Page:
As home interest rates continue to stay low, it's tempting to think about whether a refinance makes sense. One of our readers asked whether low rates should be a consideration for older homeowners who have mortgages they don't expect to fully repay in their lifetimes. Here's part of the question he posed:
At what age does it not matter how much interest you pay? I am 63. I am 6 years into a 30-year mortgage, There is no way I will live long enough to see the end of my mortgage. Given that, I see no reason to care about how fast I can pay my mortgage, since I will not see the end of it anyway. My only goal for a refi would be to see my monthly payment lowered significantly so I have more spending money left after paying my mortgage. . . . it doesn't matter at all to me what kind of balance my executor has to deal with when I die.
We asked Scott Sheldon, a Credit.com contributor and a senior loan officer at Sonoma County Mortgages, what he thought. He said he can see the reader's point, but the decision is neither a slam-dunk nor based solely on age.
By our calculation, our reader would have been 57 when he got that mortgage and therefore 87 when it is fully paid off. A lower-interest mortgage that would significantly speed up repayment (for example, a 15-year loan) would almost certainly increase his payment, and that's not what he wants.
"In short, yes, (there is) no point to refinance if you're not going to see the end of the mortgage anyway," Sheldon said. "Put simply, the payment is more important than the interest that you're going to pay if you're retiring and cash flow is the main objective."
However, our reader went on to say he wouldn't bother with the hassle and paperwork of a refinance to save, say, $50 a month. It's one thing to say it's too much trouble to do it for $50, but what if you thought of it as doing it for $2,400? That's four years of $50-a-month savings. So if our reader who thinks he won't live to see the end of his mortgage thinks he'll make it through four years, it might be worth it (he said he'd do it for $125-a-month savings). But he would also need to consider what a refinance will cost and how soon he would recoup that. (There is such a thing as a no-cost refinance, in which the borrower gets a slightly above-market rate in exchange for no closing costs, meaning the closing costs are rolled into the cost of the mortgage.)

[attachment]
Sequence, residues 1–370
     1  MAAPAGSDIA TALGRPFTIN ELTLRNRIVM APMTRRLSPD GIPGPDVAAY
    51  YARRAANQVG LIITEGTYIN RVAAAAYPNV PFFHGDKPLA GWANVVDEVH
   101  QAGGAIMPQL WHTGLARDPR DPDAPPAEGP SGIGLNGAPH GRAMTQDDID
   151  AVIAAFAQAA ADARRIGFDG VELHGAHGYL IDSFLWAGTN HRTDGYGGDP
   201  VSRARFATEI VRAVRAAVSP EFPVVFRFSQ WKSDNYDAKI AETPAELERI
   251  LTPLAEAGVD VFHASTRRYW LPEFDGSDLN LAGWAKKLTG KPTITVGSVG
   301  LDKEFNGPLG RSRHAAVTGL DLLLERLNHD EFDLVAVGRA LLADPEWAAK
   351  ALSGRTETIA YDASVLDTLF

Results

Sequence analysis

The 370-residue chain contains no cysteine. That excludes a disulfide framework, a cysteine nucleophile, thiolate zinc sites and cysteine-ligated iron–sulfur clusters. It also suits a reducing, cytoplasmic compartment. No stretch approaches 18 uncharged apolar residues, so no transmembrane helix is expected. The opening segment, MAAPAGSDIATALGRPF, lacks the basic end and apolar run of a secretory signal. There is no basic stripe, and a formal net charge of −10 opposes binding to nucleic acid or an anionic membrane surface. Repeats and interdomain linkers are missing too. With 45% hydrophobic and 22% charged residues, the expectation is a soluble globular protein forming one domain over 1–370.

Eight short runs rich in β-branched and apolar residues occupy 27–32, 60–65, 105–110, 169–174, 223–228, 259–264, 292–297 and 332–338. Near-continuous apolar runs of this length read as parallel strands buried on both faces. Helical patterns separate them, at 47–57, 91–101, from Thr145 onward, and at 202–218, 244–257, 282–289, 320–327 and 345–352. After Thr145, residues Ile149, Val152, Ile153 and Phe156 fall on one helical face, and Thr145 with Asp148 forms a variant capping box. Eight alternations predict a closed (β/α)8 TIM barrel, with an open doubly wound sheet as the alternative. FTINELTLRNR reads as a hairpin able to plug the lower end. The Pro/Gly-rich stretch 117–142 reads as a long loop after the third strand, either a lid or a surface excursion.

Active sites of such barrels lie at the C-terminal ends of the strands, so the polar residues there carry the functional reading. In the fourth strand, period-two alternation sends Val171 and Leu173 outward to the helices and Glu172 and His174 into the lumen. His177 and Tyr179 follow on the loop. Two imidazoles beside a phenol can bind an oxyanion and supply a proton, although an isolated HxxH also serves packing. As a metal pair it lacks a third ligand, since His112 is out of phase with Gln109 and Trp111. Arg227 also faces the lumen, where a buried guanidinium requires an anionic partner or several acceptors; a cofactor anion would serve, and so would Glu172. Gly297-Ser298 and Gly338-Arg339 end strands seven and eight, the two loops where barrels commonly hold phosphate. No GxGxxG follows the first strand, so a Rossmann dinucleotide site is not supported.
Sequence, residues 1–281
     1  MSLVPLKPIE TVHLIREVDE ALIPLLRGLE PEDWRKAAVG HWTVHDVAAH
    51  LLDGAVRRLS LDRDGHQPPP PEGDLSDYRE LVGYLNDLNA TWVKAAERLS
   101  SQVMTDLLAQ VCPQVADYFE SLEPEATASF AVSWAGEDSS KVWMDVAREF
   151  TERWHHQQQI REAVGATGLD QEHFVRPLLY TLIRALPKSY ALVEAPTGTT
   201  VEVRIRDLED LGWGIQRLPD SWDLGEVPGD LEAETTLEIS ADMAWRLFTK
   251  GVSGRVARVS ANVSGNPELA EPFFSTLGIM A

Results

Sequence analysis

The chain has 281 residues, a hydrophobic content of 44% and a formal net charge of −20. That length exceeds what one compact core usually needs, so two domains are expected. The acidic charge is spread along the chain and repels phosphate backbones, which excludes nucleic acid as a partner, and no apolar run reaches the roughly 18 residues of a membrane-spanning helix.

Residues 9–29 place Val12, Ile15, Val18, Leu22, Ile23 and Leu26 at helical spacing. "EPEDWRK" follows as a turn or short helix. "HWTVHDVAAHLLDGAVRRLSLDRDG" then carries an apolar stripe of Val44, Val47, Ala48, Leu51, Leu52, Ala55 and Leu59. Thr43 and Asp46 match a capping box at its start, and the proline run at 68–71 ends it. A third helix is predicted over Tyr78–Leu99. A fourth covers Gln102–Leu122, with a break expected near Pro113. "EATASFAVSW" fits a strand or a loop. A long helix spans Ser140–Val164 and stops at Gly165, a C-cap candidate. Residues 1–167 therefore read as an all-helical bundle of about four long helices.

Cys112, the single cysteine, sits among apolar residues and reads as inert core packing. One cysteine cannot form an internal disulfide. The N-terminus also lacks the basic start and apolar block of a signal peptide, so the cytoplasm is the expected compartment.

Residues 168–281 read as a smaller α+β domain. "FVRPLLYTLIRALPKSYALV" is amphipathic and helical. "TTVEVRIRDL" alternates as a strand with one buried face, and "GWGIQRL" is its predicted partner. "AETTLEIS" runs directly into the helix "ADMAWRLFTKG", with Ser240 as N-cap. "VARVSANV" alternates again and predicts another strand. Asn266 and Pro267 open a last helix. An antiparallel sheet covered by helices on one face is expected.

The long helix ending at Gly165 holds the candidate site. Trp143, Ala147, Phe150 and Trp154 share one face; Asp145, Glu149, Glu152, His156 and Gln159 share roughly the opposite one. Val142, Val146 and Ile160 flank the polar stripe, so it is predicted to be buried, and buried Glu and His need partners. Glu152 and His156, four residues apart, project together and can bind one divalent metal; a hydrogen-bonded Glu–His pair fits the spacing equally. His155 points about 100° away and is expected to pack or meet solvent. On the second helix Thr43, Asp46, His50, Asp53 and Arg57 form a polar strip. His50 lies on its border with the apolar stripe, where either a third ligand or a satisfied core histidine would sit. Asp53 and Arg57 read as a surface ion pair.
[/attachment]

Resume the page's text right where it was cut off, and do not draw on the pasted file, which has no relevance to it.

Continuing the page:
"If somebody's paying some grossly inflated interest rate… , it makes absolute financial sense to possibly refi to free up that additional cash to support lifestyle," Sheldon said. And even modest savings may be meaningful "if you don't have a job to worry about and all you get to do every day is count your dollars," Sheldon said.
However, the option to refinance at the lowest rates is available only to applicants who have good credit scores. (You can find out if that's you with a free credit report summary from Credit.com.) And it's also worth nothing that this advice applies only to people who do not expect to pay a mortgage off (or aim to leave a paid-off home for a survivor). For the rest of us, saving on interest costs and paying off the mortgage are worthy goals.
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